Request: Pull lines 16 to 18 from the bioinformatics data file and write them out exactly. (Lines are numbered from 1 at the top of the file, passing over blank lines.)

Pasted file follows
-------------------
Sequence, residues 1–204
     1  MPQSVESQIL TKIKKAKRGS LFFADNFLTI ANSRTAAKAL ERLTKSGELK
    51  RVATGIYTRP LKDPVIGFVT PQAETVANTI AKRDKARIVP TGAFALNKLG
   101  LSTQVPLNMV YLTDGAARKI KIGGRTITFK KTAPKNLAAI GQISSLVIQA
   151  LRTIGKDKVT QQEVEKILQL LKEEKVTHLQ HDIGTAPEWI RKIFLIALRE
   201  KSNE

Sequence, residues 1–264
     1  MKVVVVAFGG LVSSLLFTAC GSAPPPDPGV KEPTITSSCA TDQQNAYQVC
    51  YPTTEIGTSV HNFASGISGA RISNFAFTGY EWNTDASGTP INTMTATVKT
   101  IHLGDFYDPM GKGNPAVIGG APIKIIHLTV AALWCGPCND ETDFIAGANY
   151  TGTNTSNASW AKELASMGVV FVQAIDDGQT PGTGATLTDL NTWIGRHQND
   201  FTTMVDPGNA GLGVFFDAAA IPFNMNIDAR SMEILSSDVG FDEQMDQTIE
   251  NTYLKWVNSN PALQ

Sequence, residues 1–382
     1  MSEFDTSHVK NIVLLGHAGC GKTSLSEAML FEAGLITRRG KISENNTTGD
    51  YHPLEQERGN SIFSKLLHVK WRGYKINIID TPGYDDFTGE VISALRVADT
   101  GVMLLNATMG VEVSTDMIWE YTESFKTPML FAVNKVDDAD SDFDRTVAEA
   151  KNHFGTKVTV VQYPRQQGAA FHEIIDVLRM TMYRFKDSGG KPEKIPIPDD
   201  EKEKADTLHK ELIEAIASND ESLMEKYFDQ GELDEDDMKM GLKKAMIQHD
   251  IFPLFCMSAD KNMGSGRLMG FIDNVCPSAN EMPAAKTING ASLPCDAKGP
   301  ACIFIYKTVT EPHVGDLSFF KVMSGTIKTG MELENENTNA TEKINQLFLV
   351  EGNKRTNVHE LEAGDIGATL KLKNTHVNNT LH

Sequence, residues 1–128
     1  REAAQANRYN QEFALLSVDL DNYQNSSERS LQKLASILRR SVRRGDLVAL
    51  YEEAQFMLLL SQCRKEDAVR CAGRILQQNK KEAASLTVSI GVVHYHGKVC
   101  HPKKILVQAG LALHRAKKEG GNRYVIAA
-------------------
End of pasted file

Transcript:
    51  YHPLEQERGN SIFSKLLHVK WRGYKINIID TPGYDDFTGE VISALRVADT
   101  GVMLLNATMG VEVSTDMIWE YTESFKTPML FAVNKVDDAD SDFDRTVAEA
   151  KNHFGTKVTV VQYPRQQGAA FHEIIDVLRM TMYRFKDSGG KPEKIPIPDD